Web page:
Mark Waid (born March 21, 1962 in Hueytown, Alabama) is an American comic book writer. He is well known for his eight-year run as writer of the DC Comics' title The Flash, as well as his scripting of the limited series Kingdom Come and Superman: Birthright, and his work on Marvel Comics' Captain America. From August 2007 to December 2010, Waid served as Editor-in-Chief, and later, Chief Creative Officer of BOOM! Studios, where he wrote titles such as Irredeemable, Incorruptible and The Traveler.
Waid has stated that his comics work was heavily influenced by Adventure Comics #369-370 (1968), the two-part Legion story by Jim Shooter and Mort Weisinger that introduced the villain Mordru: "It's a blueprint for everything I write."
Fantagraphics and DC Comics
Waid entered the comics field during the mid-1980s as an editor and writer on Fantagraphics Books' comic book fan magazine, Amazing Heroes.
In 1987, Waid was hired to serve as an editor for DC Comics where he worked on titles such as Secret Origins, Legion of Super-Heroes, and part of Grant Morrison's critically acclaimed run on Doom Patrol. He also served short stints as editor on Action Comics, Infinity, Inc., Legion of Super-Heroes, and Wonder Woman, as well as various one-shots like Batman: Gotham by Gaslight. With Gotham by Gaslight, and in tandem with writer Brian Augustyn, Waid co-created DC's "Elseworlds" franchise.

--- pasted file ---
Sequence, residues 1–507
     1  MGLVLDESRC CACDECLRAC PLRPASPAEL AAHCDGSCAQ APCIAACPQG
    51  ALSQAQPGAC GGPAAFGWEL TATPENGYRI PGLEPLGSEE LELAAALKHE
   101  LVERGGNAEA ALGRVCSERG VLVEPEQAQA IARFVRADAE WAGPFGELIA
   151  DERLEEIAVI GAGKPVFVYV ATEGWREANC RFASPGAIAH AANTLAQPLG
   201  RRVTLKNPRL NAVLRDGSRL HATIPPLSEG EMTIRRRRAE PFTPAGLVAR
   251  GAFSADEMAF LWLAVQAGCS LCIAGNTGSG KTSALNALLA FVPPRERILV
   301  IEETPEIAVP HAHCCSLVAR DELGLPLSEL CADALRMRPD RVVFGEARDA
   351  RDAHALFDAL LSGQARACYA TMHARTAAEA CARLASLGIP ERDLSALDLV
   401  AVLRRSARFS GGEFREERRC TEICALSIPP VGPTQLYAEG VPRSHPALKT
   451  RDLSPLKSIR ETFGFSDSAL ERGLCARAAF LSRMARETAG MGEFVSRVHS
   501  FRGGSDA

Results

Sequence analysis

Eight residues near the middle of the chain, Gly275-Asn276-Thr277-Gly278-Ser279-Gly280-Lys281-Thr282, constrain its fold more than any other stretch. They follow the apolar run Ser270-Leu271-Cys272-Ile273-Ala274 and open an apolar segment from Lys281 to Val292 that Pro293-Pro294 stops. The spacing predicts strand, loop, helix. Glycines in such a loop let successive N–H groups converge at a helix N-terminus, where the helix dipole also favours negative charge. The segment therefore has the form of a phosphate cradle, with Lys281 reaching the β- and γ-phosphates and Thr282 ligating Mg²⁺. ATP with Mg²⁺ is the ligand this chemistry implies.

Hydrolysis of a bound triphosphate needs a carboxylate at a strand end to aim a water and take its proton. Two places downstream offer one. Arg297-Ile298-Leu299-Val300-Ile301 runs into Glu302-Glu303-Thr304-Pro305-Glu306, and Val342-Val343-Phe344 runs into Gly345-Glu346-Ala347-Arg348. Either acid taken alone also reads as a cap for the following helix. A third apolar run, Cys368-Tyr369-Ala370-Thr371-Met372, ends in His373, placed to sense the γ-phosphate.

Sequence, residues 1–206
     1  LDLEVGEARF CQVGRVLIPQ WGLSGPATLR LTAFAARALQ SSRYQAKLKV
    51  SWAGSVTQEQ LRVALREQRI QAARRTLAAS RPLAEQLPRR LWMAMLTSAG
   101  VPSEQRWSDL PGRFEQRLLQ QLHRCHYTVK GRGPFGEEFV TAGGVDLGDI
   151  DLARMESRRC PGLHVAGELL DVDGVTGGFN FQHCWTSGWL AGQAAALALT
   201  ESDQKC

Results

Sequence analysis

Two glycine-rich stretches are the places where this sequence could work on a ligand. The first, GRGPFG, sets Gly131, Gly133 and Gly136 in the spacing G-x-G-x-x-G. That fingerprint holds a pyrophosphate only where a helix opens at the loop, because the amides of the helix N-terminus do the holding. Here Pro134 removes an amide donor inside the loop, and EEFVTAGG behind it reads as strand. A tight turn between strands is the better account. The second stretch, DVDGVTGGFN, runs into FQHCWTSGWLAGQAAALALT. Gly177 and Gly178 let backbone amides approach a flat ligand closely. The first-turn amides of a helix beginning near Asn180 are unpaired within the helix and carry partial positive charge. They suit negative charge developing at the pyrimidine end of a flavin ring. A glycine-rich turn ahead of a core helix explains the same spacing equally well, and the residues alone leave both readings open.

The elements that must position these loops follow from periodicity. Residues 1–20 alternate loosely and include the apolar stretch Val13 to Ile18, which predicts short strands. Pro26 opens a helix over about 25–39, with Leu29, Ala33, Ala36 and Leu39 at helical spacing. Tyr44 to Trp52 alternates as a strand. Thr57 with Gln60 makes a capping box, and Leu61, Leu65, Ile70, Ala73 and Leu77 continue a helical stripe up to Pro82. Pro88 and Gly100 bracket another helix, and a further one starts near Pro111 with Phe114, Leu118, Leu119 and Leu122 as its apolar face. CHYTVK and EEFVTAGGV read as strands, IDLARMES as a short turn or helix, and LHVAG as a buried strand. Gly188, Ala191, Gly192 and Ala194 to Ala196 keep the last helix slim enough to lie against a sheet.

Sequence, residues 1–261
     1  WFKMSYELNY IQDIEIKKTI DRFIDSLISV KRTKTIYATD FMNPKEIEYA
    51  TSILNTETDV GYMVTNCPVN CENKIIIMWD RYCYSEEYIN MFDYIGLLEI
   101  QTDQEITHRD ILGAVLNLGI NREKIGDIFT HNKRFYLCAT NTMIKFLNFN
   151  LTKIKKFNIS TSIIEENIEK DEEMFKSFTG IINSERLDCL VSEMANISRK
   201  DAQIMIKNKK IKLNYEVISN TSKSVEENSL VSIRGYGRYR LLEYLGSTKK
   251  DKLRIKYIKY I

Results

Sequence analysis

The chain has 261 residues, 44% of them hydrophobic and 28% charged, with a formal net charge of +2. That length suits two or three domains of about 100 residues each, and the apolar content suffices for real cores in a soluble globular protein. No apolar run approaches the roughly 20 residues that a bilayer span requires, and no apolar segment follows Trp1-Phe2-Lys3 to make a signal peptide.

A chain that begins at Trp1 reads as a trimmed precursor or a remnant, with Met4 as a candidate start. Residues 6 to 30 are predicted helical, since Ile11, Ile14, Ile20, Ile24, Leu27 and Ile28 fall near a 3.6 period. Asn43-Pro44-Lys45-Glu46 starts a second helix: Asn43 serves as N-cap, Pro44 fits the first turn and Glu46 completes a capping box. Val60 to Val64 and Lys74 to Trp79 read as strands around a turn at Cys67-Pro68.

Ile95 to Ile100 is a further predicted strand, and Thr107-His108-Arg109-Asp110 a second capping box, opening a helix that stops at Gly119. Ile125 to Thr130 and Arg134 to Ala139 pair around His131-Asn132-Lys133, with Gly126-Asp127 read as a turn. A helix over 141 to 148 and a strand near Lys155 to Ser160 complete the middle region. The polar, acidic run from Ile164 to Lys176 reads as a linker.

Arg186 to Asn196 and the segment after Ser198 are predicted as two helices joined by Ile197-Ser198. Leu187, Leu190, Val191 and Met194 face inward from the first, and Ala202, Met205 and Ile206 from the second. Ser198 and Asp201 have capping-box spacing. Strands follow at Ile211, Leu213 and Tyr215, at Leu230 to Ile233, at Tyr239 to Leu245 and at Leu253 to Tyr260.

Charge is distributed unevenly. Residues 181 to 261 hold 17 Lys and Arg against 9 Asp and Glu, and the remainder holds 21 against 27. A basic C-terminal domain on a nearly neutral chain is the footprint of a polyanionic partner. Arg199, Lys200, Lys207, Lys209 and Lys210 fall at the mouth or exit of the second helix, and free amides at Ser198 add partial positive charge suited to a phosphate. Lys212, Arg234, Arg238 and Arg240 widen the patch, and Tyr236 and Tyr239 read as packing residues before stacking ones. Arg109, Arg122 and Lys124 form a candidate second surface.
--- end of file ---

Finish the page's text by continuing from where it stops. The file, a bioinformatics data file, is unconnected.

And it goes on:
As a writer
In 1989 Waid left editorial work for freelance writing assignments. He worked for DC's short-lived Impact Comics line where he wrote The Comet and wrote dialogue for Legend of the Shield.
In 1992 Waid began the assignment which would bring him to wider recognition in the comics industry, when he was hired to write The Flash by then-editor Brian Augustyn. The comic starred one of DCs flagship characters, and in an acclaimed eight-year run, Waid and a number of artists, most notably Greg LaRocque and Mike Wieringo and in the final year with Augustyn as co-writer, brought the modern Flash out from the shadow of his predecessors and increased his powers dramatically.